You want headers that provide good flow with as little turbulence as possible, while reducing weight over the stock exhaust. Exhaust gas turbulence is created by poorly thought-out designs that introduce large inopportune bends and joints, which impede flow. This diminishes the effectiveness and leads at times to reversion.
Reversion is a phenomenon where hot exhaust gasses are pushed back into the combustion chamber, robbing the engine of clean and cool air. A good header should open the exhaust flow, while reducing overall weight and exhaust gas temperatures and eliminating reversion.
Long-tube vs Short-tube Headers
There are two types of aftermarket headers that are commonly available for the LS2 engine, long-tube headers and short-tube headers. As their names suggest, the primary difference between the two of them is their length. Long tubes extend much further back than the short tubes (also called shorties) and usually either remove the catalytic converters or come with high-flow cats. Short tubes keep the cats in place, but we’ll get into more on that below.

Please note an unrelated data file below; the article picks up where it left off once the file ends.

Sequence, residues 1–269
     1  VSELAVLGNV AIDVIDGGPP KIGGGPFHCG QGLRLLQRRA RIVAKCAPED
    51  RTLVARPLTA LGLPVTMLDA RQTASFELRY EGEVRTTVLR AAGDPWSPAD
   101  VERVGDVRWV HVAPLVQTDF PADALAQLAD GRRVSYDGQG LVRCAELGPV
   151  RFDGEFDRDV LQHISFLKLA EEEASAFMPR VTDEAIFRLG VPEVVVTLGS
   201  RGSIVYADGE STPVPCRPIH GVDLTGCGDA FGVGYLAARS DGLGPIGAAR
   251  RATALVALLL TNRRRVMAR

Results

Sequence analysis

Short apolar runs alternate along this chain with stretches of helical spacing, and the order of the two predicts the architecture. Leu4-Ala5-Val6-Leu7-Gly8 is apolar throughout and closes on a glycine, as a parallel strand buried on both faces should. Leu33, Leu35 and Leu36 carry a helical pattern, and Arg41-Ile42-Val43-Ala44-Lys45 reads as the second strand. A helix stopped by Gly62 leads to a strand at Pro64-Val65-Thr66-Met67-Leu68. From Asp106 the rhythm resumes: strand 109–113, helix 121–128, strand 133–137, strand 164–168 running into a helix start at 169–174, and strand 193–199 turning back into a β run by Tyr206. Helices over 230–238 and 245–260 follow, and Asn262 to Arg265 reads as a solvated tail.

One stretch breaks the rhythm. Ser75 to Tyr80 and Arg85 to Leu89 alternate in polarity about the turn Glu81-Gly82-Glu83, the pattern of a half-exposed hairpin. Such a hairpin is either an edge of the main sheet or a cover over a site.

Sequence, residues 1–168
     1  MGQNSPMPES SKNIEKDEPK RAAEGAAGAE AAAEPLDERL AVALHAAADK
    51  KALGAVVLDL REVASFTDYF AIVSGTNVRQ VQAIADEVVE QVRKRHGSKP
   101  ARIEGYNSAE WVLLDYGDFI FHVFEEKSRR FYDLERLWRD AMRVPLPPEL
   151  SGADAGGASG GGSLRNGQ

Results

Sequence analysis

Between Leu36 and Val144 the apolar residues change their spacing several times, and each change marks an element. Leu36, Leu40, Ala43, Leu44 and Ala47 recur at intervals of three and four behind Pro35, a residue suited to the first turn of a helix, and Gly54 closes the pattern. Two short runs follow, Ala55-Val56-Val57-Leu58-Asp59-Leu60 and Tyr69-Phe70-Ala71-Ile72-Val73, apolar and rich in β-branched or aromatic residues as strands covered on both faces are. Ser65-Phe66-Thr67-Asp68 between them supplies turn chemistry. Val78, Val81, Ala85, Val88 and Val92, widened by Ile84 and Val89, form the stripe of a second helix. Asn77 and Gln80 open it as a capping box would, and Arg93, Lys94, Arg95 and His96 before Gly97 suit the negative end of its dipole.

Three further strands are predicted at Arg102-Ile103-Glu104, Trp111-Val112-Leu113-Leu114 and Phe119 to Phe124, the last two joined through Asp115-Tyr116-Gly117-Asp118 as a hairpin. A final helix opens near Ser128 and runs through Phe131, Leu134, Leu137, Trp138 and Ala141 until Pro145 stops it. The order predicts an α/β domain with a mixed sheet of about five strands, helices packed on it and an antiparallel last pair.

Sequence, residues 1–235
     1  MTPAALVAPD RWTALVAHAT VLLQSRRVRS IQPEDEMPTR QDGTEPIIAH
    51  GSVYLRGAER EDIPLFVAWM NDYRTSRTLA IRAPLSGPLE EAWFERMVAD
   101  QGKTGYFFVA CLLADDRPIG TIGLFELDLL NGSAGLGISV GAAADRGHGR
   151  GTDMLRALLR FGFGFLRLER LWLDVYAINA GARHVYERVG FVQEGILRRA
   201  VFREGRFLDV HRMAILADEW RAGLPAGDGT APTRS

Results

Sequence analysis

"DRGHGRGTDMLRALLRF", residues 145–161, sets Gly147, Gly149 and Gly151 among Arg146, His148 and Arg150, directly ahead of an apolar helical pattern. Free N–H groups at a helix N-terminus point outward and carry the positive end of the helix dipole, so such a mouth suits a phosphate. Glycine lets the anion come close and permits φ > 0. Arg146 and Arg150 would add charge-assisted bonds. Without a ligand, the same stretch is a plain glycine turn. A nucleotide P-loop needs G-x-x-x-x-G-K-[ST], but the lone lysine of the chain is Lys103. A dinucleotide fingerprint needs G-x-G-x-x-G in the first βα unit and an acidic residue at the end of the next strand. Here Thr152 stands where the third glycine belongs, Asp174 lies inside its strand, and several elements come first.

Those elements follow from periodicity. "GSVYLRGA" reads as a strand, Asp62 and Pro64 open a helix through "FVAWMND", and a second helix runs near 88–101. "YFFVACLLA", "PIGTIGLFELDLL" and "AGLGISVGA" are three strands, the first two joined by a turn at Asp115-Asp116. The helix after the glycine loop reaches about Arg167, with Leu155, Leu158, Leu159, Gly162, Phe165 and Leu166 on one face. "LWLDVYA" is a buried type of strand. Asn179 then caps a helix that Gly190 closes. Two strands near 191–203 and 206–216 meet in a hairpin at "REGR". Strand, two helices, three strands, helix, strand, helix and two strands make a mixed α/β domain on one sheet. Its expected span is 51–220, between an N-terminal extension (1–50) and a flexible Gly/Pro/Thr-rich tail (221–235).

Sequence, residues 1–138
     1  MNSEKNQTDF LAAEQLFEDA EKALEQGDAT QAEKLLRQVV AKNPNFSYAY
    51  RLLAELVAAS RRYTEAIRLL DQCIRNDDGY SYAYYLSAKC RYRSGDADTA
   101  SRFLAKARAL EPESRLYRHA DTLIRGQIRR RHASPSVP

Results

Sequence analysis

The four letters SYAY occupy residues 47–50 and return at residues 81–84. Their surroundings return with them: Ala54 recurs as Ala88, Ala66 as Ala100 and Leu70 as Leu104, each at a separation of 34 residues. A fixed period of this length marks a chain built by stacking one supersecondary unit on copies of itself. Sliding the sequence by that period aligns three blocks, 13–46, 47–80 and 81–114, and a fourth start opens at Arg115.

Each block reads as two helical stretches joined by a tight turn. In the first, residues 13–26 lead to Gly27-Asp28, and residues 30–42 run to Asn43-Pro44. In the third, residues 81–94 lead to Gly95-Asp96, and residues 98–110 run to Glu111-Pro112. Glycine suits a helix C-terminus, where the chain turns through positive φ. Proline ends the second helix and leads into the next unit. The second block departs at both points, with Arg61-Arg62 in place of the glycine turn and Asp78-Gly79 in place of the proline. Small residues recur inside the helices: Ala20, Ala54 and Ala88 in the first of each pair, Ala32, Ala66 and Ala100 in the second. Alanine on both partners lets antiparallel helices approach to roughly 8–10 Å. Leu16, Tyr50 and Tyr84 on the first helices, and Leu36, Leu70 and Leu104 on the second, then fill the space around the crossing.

Long-tube headers will undoubtedly offer better overall performance gains than short-tube headers, particularly in the mid-range and top-end of the power band. Short-tube headers will help with performance on the low-end, but at the expense of top-end power. They also produce less overall power than long-tubes everywhere in the power band. The best shorty headers will probably still be outperformed by low-quality long-tube headers.
Catted vs Catless Header Considerations